The mechanics of online listening are the same for each practice. We set up state-of-the-art dashboards to mine the deepest data sets in the world from every traditional and social media channel for mentions of important keywords and brand terms. The system alerts our social and reputation managers when vital keywords are triggered to then analyze for tracking or response.
While you are listening, others are listening to you. Creating targeted content is the total inverse of monitoring third-party content and should be undertaken with an agency that understands others are listening and may react. Informed content published properly, while still listening to third-party and community reaction, is perhaps the most important moving part of community management to master.
Content Distribution & Amplification
Our team creates and organically distributes intuitive and engaging content that serves well-conceived audiences. Your Community Manager distributes the content to organic audiences that love and share it. That’s a given. The problem is, while there is still some visibility in free social distribution, hardly any social users see your content in relation to how many could for content marketing success.
No matter how relevant and valuable content may be to a marketing audience, from an SEO perspective (the prominence your content receives in search engine results), all noble efforts to create gorgeous content are practically for naught if hardly anyone sees the URL after publication. No matter how you judge your online success, content needs to actually be seen and consumed for it to happen.
Content distribution is crucial. Obviously potential customers can’t be motivated to read a fancy blog post if they never knew about it. Bloggers and journalists won’t link out if they never discover your infographic, blog post, Google+ Hangout and YouTube video. High authority social users can’t share the link if unaware your carefully constructed, beautifully designed web-app exists. The crowd sourced industry study you invested so much in will have a limited effect without at least some distribution.
For years the content distribution solution was to rely on social media channels to distribute your content for free. Simply place links to content (hosted on your website on your Facebook wall, LinkedIn page, YouTube channel or Twitter feed,) and the post was seen by many people, even outside your immediate followers’ community. Social awareness commonly led to traffic from social to your website’s content. It was so easy! Ah, those were the days.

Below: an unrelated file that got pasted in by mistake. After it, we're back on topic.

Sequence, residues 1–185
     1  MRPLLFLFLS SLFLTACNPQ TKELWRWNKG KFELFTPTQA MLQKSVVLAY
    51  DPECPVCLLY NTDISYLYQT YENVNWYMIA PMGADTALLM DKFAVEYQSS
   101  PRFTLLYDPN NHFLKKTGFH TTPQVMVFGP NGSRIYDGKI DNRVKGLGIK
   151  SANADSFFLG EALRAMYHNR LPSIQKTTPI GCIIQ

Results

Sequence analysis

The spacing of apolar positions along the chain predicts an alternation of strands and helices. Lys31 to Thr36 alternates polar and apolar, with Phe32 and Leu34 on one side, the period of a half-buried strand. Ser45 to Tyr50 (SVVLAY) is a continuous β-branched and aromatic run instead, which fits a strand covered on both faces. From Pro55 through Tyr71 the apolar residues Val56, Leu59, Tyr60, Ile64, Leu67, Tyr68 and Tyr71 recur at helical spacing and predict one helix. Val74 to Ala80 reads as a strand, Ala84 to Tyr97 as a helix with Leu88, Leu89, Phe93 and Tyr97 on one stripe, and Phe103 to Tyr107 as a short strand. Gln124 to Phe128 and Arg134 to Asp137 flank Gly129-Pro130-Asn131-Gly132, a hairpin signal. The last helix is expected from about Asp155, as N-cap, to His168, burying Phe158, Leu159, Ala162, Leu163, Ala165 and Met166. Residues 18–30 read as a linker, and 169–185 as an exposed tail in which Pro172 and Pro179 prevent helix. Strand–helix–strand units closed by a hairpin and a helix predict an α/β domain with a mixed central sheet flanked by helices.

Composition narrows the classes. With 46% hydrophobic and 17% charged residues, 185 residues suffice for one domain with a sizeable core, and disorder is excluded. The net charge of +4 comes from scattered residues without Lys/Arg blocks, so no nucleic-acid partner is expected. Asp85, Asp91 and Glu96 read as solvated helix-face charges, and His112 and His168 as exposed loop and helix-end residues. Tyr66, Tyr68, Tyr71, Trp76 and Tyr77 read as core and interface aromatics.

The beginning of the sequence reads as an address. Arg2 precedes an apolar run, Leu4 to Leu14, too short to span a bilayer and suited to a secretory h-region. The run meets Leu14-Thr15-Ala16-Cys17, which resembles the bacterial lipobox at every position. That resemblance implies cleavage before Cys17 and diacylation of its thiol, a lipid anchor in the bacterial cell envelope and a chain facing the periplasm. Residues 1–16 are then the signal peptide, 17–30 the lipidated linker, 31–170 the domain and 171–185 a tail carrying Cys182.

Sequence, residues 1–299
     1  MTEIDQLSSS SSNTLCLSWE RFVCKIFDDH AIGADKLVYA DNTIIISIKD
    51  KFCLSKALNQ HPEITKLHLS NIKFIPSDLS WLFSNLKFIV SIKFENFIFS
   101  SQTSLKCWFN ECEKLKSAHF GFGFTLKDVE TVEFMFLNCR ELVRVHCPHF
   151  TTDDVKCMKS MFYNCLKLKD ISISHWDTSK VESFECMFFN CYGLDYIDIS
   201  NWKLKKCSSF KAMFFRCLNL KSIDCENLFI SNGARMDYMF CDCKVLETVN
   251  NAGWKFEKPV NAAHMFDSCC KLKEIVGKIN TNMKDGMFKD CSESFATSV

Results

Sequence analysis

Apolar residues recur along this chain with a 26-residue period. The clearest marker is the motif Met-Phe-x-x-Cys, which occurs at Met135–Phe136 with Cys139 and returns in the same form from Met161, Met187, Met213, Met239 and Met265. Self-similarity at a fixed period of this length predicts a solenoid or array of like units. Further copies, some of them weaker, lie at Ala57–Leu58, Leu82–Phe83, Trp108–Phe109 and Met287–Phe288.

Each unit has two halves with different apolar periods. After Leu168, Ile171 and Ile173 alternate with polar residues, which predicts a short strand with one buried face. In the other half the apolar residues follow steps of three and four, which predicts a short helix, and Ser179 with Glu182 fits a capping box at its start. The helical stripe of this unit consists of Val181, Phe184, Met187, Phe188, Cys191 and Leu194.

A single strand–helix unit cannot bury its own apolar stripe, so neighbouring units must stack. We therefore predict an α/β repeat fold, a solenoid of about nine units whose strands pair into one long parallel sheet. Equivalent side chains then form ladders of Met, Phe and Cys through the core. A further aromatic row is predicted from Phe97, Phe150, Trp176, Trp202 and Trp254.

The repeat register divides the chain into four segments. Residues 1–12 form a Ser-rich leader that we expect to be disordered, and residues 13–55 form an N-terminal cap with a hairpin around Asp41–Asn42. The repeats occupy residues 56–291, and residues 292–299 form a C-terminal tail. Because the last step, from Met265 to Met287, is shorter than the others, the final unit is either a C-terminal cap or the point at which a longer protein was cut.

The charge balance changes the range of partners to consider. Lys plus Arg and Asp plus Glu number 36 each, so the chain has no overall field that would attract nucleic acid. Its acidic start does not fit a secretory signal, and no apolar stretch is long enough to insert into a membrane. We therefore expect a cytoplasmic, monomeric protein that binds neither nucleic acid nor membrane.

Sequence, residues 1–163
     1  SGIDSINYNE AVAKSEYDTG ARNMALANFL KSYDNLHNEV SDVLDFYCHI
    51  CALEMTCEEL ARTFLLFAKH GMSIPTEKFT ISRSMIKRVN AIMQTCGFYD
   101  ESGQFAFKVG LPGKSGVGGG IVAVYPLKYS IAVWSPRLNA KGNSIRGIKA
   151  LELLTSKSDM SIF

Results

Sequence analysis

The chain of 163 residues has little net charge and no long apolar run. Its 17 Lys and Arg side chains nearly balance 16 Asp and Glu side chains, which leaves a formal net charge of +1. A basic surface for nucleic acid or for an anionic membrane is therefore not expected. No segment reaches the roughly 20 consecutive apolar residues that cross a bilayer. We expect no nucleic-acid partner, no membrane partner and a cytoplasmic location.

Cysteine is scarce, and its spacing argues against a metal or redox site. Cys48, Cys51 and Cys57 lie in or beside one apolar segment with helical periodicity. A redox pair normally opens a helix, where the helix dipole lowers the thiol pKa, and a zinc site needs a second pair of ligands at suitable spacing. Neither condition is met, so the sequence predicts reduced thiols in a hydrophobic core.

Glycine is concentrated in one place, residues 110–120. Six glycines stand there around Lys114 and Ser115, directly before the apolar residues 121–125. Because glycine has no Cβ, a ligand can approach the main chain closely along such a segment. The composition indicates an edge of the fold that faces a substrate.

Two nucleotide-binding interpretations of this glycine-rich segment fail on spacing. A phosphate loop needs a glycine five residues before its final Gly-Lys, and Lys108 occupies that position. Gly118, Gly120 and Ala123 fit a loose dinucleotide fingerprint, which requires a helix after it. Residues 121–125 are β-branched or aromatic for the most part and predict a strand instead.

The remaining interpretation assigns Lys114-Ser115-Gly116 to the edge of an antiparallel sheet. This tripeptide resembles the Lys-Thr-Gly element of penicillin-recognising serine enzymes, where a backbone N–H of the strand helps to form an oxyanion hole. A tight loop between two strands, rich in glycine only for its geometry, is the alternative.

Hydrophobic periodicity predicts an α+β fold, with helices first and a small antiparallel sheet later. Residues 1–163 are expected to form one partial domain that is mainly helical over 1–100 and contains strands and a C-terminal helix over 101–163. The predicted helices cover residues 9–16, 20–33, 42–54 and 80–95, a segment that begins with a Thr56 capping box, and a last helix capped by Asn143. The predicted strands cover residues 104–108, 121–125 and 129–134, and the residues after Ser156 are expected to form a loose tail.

Now, sadly for marketers, free social media distribution has largely been cutback and can’t be counted on. Why? The answer is as easy as a quick look at Facebook and Twitter’s stock value and earning trends. These social media channels’ new business models force marketers to pay for the same organic lift that used to be free.
The reality of this new model is content posted on your social profile walls is barely visible even to community members who already indicated they want to see it. Marketers must now pay-to-play. The good news is it’s relatively inexpensive to “re-enable” social media’s formally free organic features. Distribution domination is inexpensive and easy.
With so much less distribution and visibility, how do modern marketers get enough eyeballs on precious content? The answer is to fundamentally alter our thinking about the very purpose of social display ads (PPC) and squeeze double duty out of our dollars. Now content marketers need to think of social PPC campaigns as editorial calendar-based social content amplification programs measured against content marketing and conversion KPIs, not just direct response-advertising tools.
PR Amplification: Distribution To Journalists, Bloggers, And A Myriad Of Focused Media-Role Use
A perk of social psychographic content distribution is that well-executed organic amplification of relevant content often results in links. It’s easy to target media roles using the “More Demographics/Job Title” field of Facebook ads and occupation targeting in LinkedIn. Marketers are already learning to ditch old-style link building efforts in favor of paid-organic link building to earned psychographic audiences, bloggers, and journalists.